Hand sanitizer should be widely available in all areas where people may go in the course of normal campus activities. Portable containers of hand sanitizer should be made readily available free of charge.

Options should be available whenever possible to allow students to segregate physically or move to a virtual environment for campus activities including classes.

Face coverings should be made available and at multiple easily accessible locations.

In general, the autonomy of those who wish to adopt behaviors that provide maximal personal safety should be respected and facilitated.

Re-imagining classes

Campuses may evaluate classes and coursework and consider re-imagining them, providing safer options for students to learn and instructors to teach. Examples of re-imagined instruction could include:

A hybrid mode of learning that provides for online learning options when feasible.

Large classes offered entirely by online instruction or re-imagined with alternating schedules for in person instruction that allow fewer students to be present in any particular class. The American College Health Association5 defines large classes as those with 30 or more participants, but individual campuses may develop different definitions based on the characteristics of their classrooms and the opportunities to modify them for appropriate social distancing.

Smaller classes moved into larger venues to allow better spacing.

Staggered schedules and standard class times that are spaced further apart to reduce the density of students during ingress, egress, and transit between classes, including consideration of weekend instruction if feasible.

When considering face-to-face group activities within courses, placing students into cohorts to the extent possible so that members of the groups remain static over time and mixing or cross-over between groups is uncommon.

Individual campuses develop a checklist or guidance that provides instructions on providing a safe learning environment which can be used by course directors when planning individual classes.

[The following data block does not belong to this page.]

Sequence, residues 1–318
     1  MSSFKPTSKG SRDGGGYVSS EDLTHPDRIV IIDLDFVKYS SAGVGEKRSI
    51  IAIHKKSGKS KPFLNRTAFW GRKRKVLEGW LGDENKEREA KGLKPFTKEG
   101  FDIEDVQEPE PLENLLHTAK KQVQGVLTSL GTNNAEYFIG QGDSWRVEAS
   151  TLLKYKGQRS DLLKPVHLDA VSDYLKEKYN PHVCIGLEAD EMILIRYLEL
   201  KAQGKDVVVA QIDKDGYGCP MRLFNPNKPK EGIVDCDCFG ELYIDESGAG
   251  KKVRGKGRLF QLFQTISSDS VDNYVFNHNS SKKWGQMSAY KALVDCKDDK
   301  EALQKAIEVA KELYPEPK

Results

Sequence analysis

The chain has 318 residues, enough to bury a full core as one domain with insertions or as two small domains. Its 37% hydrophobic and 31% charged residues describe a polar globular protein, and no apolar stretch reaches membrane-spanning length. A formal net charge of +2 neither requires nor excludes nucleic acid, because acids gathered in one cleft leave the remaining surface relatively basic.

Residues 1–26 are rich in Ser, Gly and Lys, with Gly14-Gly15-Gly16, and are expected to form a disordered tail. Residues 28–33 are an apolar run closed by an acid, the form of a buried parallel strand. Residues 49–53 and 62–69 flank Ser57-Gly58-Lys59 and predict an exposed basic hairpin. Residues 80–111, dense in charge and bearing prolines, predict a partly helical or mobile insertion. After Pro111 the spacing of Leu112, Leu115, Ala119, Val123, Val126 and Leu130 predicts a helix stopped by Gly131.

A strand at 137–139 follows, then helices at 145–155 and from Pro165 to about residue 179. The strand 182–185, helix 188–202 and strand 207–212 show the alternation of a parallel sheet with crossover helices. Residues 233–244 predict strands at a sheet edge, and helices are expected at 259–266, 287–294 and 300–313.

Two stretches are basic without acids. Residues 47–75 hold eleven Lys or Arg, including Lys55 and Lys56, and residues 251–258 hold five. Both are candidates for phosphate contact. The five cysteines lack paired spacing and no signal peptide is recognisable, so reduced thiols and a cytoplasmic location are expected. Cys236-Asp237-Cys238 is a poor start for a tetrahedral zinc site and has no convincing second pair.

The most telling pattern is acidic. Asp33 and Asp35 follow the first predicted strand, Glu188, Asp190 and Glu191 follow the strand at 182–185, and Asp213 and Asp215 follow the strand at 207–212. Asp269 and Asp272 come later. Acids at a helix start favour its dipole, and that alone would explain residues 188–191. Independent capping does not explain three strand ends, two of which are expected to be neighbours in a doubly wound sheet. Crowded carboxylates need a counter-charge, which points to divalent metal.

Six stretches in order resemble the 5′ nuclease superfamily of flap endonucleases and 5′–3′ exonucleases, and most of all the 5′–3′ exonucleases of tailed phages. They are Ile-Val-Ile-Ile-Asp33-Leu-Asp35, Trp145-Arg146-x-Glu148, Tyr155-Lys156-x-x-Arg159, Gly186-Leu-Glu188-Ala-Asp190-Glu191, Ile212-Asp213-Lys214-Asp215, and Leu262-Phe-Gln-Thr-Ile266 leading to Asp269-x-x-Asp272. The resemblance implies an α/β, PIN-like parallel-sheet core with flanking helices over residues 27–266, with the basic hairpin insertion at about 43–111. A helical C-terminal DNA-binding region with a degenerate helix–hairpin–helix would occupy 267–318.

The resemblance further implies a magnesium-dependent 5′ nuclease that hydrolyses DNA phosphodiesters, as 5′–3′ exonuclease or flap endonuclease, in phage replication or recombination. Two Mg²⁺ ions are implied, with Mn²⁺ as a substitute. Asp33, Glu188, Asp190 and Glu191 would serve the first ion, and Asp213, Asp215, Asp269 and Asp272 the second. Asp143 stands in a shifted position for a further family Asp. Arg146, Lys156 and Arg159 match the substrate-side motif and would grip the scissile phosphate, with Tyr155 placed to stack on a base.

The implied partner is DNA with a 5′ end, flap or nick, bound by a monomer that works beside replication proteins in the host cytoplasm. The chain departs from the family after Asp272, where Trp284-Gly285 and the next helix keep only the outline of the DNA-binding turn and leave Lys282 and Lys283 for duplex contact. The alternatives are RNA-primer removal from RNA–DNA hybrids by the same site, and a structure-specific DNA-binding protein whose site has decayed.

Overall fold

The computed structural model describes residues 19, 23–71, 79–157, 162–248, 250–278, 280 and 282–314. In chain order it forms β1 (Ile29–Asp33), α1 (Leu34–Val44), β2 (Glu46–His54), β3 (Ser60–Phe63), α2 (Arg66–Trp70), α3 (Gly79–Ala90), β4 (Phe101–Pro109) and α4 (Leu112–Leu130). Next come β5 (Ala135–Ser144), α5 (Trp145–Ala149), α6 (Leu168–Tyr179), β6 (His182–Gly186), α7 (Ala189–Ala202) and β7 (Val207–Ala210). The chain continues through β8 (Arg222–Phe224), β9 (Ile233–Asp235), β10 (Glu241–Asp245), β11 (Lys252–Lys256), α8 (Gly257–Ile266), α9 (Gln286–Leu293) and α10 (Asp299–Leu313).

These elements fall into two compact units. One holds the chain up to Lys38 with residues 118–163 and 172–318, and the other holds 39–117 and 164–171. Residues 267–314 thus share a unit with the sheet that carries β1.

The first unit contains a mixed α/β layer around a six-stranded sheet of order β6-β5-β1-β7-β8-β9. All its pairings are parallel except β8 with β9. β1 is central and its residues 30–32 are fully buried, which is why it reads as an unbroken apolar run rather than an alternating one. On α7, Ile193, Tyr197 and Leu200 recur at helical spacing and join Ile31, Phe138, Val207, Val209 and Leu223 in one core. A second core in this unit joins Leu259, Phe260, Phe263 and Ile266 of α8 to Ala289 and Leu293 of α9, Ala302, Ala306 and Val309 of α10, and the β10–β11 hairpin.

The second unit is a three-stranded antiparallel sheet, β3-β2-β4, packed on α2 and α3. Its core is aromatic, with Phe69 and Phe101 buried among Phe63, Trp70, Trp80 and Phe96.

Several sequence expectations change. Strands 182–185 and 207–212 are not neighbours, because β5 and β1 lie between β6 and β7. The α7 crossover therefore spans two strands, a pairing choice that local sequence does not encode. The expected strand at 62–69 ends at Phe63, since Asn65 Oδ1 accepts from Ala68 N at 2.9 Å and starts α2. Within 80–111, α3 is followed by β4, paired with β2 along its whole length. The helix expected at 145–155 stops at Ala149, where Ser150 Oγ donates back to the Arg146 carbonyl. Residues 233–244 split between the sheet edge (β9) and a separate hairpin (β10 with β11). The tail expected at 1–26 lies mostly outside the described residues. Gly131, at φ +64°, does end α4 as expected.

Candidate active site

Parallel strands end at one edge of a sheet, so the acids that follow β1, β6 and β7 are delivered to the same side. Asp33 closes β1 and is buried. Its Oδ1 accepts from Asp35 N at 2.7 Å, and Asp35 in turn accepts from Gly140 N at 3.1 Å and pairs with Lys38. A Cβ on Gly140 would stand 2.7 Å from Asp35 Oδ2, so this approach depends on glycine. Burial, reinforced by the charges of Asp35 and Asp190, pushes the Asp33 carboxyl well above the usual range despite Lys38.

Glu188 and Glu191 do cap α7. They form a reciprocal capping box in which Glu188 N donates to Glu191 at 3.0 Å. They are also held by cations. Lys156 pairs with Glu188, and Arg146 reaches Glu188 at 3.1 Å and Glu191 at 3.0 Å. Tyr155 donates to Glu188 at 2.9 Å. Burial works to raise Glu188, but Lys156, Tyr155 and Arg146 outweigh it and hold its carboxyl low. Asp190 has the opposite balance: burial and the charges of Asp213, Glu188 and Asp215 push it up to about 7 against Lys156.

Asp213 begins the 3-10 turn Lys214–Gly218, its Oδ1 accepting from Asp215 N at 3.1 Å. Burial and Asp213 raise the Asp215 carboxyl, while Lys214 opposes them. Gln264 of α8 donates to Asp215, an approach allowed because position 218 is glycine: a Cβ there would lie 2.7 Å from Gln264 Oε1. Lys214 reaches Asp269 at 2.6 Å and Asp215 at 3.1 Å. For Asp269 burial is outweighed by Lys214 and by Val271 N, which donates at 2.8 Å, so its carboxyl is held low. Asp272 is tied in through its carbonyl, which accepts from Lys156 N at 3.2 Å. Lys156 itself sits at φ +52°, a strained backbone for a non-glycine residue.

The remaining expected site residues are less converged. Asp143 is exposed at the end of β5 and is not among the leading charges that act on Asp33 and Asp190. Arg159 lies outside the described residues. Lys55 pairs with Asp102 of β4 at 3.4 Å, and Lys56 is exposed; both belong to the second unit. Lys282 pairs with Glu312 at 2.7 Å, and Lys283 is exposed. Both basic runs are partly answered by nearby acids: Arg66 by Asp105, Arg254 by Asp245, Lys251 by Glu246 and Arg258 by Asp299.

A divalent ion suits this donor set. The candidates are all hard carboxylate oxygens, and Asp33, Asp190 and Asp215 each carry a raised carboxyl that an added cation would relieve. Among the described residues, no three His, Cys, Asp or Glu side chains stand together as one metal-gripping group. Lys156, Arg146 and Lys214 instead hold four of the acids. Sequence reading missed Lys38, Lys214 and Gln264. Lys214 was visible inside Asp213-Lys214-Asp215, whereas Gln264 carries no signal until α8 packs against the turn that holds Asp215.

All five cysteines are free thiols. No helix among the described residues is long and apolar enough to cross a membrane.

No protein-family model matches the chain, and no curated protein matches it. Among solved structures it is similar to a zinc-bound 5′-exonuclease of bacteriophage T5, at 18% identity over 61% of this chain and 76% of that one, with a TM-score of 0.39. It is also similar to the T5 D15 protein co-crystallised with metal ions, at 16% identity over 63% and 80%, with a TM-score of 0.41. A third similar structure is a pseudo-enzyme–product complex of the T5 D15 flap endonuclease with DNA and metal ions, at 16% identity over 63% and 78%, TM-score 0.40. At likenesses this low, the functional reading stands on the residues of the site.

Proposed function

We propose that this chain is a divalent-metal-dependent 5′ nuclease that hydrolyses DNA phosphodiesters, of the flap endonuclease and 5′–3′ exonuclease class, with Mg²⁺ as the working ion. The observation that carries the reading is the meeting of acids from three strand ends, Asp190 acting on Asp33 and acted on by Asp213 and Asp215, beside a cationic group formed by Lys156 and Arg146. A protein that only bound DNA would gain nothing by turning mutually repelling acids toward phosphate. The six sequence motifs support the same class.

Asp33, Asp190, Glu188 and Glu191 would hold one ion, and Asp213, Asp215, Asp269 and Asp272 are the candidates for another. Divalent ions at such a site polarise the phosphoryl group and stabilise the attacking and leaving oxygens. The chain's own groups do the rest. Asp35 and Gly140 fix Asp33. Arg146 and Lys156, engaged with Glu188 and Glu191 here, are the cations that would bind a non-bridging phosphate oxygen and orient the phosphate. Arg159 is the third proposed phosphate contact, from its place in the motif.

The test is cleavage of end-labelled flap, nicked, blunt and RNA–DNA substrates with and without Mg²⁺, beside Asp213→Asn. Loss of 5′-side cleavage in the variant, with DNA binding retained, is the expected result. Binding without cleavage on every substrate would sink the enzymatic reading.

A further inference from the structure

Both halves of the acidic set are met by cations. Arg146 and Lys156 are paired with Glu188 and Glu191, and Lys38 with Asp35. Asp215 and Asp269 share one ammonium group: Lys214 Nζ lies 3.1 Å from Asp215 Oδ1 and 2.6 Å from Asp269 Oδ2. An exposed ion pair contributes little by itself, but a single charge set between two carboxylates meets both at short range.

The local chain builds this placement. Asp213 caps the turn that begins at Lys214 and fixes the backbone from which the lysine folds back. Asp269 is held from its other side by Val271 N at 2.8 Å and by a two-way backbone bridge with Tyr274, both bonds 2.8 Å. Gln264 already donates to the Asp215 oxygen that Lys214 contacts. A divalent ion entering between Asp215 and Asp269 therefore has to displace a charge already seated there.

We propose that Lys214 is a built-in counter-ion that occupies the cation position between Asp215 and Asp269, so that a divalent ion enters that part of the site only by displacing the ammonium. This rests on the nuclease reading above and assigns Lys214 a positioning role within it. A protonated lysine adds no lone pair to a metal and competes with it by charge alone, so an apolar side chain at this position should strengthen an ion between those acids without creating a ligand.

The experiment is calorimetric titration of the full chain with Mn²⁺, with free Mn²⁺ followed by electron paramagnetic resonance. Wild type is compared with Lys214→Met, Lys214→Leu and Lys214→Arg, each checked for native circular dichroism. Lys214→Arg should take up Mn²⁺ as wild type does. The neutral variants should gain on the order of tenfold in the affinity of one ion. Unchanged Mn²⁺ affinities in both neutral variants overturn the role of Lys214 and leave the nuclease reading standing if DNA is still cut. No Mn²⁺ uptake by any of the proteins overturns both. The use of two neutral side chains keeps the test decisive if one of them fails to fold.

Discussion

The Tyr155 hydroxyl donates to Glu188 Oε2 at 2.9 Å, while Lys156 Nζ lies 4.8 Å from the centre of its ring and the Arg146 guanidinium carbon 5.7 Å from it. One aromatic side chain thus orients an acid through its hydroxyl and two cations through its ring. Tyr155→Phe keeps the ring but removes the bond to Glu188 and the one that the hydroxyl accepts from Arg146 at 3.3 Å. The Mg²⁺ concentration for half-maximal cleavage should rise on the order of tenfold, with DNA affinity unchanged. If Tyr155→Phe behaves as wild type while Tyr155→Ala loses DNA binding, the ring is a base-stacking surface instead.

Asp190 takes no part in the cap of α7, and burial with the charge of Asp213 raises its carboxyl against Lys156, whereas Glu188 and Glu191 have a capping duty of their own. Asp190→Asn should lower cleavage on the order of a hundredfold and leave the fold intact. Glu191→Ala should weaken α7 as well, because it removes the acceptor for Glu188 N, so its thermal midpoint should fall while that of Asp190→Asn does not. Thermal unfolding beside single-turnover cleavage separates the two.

In addition to the above measures, consider altering requirements for vulnerable students to take specific classes (e.g., requirements for majors), where safe instruction cannot be managed, through deferral or elimination of the requirements.

Consider the risk status of faculty and teaching assistants, together with interests in specific instructional models, when making decisions on how instruction will be delivered; courses with choices of instructors may be assigned to faculty based on these restrictions or aligned with these specific interests as feasible.

Track in-person attendance carefully to facilitate contract tracing in the event of infection, but allow students to retain full autonomy over whether they choose to be physically present or participate in another approved manner.

Encourage innovation in learning methods, recognizing that this is a fluid situation that may require in-progress adjustments and re-thinking of best practices for the long-term.

Handling transitions between on-campus and off-campus

Transitions of students off campus and visitation of others on campus represent opportunities for transmission of the novel coronavirus.

Students should be encouraged to remain on campus for as much of the year as possible.

For those campuses with residential housing, dates for moving into resident halls should be staggered to reduce density during this period.

Policies should be developed to manage student travel off campus including returning home. These policies may include notification of campus authorities for health tracking reasons, screening for infection, testing for infection, quarantine upon return, or other measures. International travel and travel to areas with a significant burden of COVID-19 in the community may be restricted or result in more stringent measures.